Around 1,5 year ago i decided i wanted to be catholic, and 9 months later i was received into the Church and had my first communion. I was confirmed just 2,5 months ago. I was overjoyed!
My priest adviced me to not read any protestant books anymore, not go to protestant bible study anymore and definitely not go to protestant services anymore.
I agreed because i felt i finally found the true faith, and it would not be good if i would still go to these places where obvious heresy and errors were being taught.
I felt i grew stronger in faith and that i was finally in the true church. I pitied the poor protestants.

But now, i feel totally different. I still believe the catholic teachings, but since a while i felt like my personal faith and relationship with the Lord
were slowly dying. I felt like a dry desert and praying, reading the bible, etc, had all become a burden rather than something i love to do.
Also when i look around me in church i don't see personal conversion. Obviously my faith is not dependent on other people, but having no fellowship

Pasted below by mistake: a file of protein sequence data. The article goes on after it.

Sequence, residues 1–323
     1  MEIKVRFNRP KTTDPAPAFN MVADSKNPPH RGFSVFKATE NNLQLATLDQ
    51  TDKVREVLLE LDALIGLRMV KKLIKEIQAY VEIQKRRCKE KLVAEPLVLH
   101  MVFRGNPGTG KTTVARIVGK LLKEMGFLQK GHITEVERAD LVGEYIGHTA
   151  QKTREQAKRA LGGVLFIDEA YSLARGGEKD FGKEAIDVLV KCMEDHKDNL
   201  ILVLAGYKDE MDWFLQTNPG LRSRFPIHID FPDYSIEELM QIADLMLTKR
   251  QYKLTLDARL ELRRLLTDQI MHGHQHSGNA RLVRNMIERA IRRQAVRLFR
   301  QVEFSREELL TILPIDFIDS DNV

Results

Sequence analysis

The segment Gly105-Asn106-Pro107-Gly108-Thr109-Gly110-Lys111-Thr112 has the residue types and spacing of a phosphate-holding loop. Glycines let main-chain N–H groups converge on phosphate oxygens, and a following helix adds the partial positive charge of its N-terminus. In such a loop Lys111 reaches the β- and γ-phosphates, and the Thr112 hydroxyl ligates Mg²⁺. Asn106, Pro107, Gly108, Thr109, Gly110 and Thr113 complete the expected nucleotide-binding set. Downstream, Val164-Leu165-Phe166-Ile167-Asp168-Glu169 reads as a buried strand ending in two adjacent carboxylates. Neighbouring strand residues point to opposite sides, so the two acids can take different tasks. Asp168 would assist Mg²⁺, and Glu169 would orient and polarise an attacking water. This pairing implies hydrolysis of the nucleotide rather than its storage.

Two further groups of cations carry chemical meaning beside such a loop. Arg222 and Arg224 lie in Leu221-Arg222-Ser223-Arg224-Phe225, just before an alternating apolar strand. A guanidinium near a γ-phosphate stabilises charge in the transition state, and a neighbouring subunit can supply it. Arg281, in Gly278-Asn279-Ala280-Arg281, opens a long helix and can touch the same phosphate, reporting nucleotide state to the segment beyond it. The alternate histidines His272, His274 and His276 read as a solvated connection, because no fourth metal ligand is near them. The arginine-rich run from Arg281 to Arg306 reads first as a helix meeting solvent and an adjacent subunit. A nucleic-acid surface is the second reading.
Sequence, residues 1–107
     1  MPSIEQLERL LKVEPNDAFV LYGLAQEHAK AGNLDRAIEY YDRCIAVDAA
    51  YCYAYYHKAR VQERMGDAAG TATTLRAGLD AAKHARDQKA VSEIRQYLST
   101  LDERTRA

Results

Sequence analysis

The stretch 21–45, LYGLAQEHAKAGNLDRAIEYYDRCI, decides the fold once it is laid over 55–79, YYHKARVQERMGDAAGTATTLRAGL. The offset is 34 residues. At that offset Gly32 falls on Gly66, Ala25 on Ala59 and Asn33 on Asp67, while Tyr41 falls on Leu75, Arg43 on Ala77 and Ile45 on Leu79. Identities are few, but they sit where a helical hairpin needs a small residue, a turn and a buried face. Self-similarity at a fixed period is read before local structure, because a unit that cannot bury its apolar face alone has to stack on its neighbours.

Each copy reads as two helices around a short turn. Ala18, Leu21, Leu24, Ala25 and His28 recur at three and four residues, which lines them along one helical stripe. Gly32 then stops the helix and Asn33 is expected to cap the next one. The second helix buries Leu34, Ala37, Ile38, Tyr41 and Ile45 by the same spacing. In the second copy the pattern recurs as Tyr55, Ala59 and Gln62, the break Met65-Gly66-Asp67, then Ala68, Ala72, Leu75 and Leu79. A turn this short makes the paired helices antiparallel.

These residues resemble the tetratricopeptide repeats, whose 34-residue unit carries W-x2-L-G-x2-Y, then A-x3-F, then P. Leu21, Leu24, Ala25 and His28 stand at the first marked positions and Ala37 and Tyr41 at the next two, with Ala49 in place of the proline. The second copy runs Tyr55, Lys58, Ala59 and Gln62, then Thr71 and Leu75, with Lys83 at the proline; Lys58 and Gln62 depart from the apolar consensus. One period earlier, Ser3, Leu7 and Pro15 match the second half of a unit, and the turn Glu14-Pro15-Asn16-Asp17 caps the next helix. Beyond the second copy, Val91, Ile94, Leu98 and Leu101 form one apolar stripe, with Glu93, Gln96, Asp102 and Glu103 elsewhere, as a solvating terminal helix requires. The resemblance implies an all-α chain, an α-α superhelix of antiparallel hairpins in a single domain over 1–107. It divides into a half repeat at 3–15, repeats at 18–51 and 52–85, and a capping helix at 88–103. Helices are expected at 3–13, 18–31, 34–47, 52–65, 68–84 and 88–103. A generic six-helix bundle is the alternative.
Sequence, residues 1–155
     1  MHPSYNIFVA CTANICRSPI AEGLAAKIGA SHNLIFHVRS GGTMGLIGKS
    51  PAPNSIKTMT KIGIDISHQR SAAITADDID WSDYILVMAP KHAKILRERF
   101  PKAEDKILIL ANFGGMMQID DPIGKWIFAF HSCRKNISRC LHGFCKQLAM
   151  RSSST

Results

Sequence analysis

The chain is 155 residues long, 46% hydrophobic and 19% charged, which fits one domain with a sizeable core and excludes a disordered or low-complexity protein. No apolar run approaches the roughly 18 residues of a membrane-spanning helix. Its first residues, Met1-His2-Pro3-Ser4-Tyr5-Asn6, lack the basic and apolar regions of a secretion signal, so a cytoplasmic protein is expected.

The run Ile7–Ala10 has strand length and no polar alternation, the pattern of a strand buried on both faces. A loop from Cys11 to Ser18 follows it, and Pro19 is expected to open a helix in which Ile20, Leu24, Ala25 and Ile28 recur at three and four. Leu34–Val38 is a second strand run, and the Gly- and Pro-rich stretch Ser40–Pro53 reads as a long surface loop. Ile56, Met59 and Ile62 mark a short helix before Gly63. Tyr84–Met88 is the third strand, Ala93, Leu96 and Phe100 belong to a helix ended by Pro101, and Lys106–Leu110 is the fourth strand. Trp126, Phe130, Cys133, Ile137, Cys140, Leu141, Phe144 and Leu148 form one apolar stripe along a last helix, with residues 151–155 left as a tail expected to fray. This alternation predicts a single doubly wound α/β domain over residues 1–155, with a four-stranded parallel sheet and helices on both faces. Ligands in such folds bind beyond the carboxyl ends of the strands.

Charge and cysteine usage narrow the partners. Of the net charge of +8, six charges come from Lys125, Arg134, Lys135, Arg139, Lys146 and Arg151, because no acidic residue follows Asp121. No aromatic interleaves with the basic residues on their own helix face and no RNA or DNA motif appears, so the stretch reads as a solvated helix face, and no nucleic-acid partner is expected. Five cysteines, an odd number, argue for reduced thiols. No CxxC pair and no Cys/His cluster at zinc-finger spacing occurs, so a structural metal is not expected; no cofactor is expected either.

is hard to deal with. I also feel i am not being fed spiritually. The sermons in my church are really short and only informative, not about personal conversion or live with God.
There is barely any attention for biblical education nor is there any bible study.

I tried to compensate this by listening to sermons on audio sancto and reading books of saints, but oftentimes i miss the simplicity with which the gospel was
taught in the protestant churches i went to. It is interesting to read about those amazing saints, but i feel like that is a level i will never be able to attain.
I just simply want to read about growing in holliness myself, and besides that especially about the gospel and what it truly means.
Often the books are about the amazing miracles or visions etc of the saints, or about certain teachings, or works one has to do,
but not so much about what you can also experience as a christian living a christian life.

I feel like i am rambling and can't really get my point across, but i am trying to say that i felt like i was drowning and was drifting further away from God.
A couple weeks ago the father of one of my best friends died. She invited me for the funeral service. This was in a protestant church. I felt like i had to go, because
she is one of my best friends and of all my protestant friends she was the only one that came to my confirmation. In that service something inside me changed.
The sermon was so good it made me cry, and the witness of the family, rejoicing in and praising God even in these terrible times, really impressed me so much.